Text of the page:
Alert
Close

Think you know AARP? What you don’t know about us may surprise you. Discover all the ‘Real Possibilities’

HIGHLIGHTS

Open

REAL POSSIBILITIES

AARP Real Possibilities
Car buying made easy with the AARP Auto Buying Program

Download the ipad App

AARP-iPad-ePub-app

DRIVER SAFETY

Piggy bank on the road - AARP Driver Safety

Take the new AARP Smart Driver Course!

Contests and
Sweeps

Safe Driving in 2014 Sweepstakes

Learn how AARP Driver Safety can help you stay safe—and enter for a chance to win $1,000. See official rules. 

KEEP BRAIN ACTIVE!

AARP Games - Play Now!

AARP BOOKS

Planning for Long-Term Care for Dummies

Get expert advice on planning for your own or a relative’s future care needs.

Webinars

Learn From the Experts

Sign up now for an upcoming webinar or find materials from a past session.

Learning centers

Get smart strategies for managing health conditions.

 

Arthritis

Heart Disease

Diabetes

Most Popular

Viewed

share your thoughts

What does the health care law mean to you? Your story is important. We read and learn from every story and it helps us in our educational efforts. We may even use your comments (with permission) to brief legislators, inspire readers and more. Please share your story with us. Do

Over-the-Counter Genetic Tests: Buyer Beware

The results can be horrifyingly wrong

En español | In this age of astonishing genetic innovations, consumers can surf the Internet for genetic tests that claim to show whether they run the risk of developing heart disease, Alzheimer's and many other illnesses, including cancers. Often the same test promises to deliver innocuous or oddball information such as whether the consumer carries genes for detecting sweaty smells, developing freckles or hating brussels sprouts.

Sign up for AARP's Health Newsletter.

A group of cotton swabs. Over-the-counter genetic tests may not be accurate.

Over-the-counter genetic tests don't always deliver on their promises. — Photo by Getty Images

There's no question that certain genetic tests can identify a specific gene that causes a rare disorder or specific mutation that causes some hereditary diseases like breast and ovarian cancers. But an undercover investigation by the U.S. Government Accountability Office (GAO) last year suggested that so-called direct-to-consumer genetic testing companies are misleading consumers in ways that could be "dangerous, irresponsible and deceptive."

As part of the investigation that documented examples of what the GAO described as the "deceptive marketing" of 15 direct-to-consumer genetic tests, five GAO researchers posing as consumers submitted DNA samples — taken from saliva or by swabbing the inside of their cheeks — to four different genetic testing companies. What came back were contradictory results that the report called "misleading and of little or no practical use."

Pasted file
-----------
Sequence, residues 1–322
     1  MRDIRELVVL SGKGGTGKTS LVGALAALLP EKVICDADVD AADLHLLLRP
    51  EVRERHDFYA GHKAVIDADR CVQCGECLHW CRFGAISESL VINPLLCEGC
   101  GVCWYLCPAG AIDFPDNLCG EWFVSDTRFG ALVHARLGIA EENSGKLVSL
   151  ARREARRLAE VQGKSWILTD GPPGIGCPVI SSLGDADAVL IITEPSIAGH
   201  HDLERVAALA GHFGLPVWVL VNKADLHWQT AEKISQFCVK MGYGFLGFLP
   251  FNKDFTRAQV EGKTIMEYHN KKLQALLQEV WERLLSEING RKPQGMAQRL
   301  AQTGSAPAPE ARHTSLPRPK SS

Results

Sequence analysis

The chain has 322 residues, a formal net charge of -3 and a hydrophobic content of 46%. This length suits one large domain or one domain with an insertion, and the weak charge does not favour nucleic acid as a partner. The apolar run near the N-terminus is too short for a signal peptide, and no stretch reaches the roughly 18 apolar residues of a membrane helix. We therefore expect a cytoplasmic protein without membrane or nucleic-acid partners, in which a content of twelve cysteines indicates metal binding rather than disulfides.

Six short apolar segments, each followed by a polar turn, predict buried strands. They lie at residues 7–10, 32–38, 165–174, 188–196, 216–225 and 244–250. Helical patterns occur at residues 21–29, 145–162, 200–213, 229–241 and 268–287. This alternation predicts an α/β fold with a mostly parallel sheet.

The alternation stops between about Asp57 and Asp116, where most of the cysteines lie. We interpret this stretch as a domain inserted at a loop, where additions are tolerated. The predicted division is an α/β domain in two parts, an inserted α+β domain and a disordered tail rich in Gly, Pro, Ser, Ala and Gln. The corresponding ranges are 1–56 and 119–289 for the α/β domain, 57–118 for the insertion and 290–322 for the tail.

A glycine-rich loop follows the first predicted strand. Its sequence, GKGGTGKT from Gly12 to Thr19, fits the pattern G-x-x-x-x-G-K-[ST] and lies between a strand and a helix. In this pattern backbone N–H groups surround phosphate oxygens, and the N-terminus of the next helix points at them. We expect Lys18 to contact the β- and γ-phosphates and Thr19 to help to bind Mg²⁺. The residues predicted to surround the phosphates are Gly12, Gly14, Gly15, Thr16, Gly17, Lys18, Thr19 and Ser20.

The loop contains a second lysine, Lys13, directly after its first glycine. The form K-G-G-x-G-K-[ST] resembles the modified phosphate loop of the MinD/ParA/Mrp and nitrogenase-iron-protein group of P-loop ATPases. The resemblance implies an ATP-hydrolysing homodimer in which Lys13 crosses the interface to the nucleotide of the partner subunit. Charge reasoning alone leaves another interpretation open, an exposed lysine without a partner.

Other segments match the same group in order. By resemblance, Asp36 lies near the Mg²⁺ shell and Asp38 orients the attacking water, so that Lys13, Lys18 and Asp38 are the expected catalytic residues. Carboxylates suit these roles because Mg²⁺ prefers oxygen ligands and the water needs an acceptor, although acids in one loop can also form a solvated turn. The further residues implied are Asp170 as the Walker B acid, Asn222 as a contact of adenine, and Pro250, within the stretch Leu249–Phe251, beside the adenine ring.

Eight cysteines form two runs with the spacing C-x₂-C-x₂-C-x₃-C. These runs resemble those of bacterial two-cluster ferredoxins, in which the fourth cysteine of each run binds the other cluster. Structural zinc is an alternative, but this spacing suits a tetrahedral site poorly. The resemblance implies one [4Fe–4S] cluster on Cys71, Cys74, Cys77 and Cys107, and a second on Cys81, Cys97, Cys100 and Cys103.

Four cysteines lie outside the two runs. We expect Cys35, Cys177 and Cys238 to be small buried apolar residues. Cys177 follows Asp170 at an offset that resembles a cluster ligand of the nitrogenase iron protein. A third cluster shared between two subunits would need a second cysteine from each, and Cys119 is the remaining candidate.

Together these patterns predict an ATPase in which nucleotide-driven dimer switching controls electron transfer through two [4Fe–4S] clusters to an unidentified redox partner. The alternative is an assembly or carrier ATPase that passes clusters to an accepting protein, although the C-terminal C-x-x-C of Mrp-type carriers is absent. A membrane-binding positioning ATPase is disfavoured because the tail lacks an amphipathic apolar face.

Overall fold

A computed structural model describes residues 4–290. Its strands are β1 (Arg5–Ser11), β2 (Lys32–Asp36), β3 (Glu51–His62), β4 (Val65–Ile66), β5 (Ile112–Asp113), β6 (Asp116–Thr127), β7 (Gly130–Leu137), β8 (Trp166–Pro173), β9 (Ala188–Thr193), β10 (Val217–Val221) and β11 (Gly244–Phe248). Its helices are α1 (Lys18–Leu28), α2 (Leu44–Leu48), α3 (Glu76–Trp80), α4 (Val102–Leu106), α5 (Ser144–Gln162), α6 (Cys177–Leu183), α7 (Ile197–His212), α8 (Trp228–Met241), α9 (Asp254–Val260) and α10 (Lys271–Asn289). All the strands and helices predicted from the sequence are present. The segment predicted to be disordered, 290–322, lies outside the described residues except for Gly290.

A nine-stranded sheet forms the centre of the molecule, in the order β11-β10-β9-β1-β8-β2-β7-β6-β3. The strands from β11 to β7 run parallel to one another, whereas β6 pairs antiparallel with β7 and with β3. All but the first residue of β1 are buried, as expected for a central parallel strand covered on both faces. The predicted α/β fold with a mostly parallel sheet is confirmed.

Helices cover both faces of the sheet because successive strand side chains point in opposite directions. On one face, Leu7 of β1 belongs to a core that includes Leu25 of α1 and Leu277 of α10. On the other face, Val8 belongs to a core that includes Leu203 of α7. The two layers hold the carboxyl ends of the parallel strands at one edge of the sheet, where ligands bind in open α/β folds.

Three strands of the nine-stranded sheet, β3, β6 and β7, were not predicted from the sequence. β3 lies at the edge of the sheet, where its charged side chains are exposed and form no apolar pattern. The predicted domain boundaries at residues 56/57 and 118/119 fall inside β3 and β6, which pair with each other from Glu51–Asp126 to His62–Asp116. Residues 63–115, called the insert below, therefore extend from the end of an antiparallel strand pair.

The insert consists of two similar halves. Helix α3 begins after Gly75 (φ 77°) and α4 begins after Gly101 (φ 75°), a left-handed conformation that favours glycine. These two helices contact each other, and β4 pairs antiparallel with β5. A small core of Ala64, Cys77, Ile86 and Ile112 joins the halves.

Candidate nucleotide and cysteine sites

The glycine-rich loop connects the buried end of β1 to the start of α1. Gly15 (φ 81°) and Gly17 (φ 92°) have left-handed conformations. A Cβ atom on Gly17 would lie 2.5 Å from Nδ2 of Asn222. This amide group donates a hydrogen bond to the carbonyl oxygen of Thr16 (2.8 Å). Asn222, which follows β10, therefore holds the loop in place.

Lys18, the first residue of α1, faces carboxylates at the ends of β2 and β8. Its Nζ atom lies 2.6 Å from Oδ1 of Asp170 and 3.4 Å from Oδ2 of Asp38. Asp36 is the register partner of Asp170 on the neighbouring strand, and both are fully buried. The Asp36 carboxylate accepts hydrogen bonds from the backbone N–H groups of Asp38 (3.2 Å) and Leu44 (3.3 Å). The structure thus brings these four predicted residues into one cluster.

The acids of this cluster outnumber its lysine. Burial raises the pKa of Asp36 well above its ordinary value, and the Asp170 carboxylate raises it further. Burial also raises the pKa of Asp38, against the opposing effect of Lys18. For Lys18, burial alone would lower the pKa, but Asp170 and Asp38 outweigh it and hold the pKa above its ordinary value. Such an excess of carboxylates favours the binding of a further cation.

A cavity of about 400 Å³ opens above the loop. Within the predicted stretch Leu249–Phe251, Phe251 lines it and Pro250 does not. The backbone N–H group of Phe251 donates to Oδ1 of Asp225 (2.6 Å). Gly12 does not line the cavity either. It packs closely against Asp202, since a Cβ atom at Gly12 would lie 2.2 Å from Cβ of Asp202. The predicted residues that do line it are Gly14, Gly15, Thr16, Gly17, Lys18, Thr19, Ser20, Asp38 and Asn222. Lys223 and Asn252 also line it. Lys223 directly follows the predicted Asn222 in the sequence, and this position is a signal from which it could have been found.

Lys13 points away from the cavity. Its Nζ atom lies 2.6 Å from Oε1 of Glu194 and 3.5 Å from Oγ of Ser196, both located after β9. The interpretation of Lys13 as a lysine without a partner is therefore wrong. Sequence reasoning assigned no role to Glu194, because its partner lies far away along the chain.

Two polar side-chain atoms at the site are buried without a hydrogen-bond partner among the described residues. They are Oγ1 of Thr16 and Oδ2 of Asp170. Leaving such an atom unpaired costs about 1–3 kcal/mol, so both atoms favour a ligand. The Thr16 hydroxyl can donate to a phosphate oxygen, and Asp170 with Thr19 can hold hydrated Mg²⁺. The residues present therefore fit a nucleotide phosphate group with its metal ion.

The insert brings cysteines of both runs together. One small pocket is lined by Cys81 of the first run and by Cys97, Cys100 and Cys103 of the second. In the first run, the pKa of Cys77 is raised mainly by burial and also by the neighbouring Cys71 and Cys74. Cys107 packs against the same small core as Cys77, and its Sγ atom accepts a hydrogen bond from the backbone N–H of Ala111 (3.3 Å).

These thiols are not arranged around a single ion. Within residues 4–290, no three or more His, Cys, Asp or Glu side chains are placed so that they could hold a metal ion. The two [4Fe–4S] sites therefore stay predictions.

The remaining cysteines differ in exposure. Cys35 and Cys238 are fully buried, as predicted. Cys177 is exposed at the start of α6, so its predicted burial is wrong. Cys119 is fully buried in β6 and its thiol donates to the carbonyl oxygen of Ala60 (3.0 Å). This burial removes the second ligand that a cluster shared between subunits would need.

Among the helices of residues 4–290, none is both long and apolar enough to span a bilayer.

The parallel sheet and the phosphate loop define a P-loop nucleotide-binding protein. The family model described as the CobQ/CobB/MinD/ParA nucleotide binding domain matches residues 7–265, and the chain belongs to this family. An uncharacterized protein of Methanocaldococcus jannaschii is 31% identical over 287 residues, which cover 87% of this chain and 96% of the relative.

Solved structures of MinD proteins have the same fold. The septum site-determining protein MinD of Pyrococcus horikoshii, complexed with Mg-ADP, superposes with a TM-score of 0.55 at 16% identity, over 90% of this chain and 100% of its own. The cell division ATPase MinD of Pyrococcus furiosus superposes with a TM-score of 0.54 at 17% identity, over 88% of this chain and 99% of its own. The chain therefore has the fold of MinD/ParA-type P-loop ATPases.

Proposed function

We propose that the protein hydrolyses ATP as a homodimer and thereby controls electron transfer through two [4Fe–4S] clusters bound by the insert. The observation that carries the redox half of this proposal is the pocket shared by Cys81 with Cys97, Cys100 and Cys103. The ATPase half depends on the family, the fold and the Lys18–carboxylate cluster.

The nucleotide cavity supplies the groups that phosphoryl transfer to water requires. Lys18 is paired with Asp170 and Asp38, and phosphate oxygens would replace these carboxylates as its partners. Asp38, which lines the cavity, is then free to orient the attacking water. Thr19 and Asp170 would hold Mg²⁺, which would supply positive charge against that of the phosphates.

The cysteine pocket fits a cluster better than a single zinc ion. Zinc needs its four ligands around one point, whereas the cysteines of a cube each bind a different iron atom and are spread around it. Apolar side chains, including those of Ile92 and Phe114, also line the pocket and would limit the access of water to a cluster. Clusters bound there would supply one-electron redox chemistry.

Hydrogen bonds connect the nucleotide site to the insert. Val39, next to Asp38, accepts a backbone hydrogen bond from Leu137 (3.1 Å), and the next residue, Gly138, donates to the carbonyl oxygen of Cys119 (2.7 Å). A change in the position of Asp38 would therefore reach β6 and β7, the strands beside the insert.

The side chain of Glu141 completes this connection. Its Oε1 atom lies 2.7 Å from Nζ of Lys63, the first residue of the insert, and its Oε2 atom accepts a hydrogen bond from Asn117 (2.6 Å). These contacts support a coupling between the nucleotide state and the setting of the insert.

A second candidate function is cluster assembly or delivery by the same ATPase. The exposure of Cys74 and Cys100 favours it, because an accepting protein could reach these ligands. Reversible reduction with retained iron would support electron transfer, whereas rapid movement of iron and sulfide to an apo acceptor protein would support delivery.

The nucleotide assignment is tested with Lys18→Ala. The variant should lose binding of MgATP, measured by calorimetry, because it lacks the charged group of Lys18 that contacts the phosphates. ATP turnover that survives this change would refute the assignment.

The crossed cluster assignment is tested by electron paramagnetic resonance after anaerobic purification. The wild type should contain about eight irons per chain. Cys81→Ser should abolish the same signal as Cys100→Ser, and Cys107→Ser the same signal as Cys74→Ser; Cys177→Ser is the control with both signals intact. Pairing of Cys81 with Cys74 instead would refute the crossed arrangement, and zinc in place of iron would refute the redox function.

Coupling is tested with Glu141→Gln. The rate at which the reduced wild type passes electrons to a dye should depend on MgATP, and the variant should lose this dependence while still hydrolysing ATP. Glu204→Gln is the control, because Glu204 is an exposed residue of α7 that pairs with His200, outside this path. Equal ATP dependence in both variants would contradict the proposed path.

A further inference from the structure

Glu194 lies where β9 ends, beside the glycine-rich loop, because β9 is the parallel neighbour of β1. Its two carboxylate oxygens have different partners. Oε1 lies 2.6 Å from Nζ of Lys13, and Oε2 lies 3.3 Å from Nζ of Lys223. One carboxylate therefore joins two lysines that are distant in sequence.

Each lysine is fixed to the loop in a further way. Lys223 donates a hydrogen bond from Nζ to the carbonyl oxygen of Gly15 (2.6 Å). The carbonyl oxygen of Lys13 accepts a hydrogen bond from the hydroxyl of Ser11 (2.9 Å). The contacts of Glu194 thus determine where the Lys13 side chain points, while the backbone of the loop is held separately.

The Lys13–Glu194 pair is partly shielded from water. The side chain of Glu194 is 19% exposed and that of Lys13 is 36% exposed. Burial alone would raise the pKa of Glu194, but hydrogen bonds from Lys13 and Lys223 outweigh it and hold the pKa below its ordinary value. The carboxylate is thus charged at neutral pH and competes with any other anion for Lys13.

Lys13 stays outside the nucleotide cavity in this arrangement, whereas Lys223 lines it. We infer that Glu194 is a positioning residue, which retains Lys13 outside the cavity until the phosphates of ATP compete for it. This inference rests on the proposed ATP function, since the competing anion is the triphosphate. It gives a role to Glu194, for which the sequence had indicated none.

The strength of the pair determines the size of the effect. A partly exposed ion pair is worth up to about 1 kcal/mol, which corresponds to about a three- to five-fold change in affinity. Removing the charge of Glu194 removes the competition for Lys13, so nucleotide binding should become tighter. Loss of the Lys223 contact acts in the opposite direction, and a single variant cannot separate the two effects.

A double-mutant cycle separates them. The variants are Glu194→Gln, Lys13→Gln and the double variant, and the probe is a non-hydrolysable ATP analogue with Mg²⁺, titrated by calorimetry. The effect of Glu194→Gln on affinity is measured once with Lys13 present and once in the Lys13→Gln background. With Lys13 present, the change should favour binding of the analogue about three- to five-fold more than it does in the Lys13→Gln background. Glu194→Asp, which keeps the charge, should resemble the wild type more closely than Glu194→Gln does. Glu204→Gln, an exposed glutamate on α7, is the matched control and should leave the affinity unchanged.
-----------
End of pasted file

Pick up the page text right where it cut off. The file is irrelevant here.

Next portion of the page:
Disease predictions from the genetic testing companies often conflicted with the investigators' actual medical histories. One undercover consumer who has a pacemaker to correct an irregular heartbeat was told he was at decreased risk for developing such a condition. That same consumer, a colon cancer survivor, received test results from one company that he was "at average risk of developing the disease."

Next: Don't seek out genetic test without doctor's support. >>

Topic Alerts

You can get weekly email alerts on the topics below. Just click “Follow.”

Manage Alerts

Processing

Please wait...

progress bar, please wait

Tell Us WhatYou Think

Please leave your comment below.

Discounts & Benefits

From companies that meet the high standards of service and quality set by AARP.

Woman trying on glasses in optometrists shop

Members save up to 60% off eye exams and 30% off eyeglasses at Pearle Vision.

Prescription medication spilling out of bottle

Members get a free Rx card from AARP® Prescription Discounts provided by Catamaran.

AARP/Walgreens Wellness Bus Stops in Clarksdale, MS

Members can get exclusive points offers from Walgreens and Duane Reade.

Caregiving walking

Caregiving can be a lonely journey, but AARP offers resources that can help.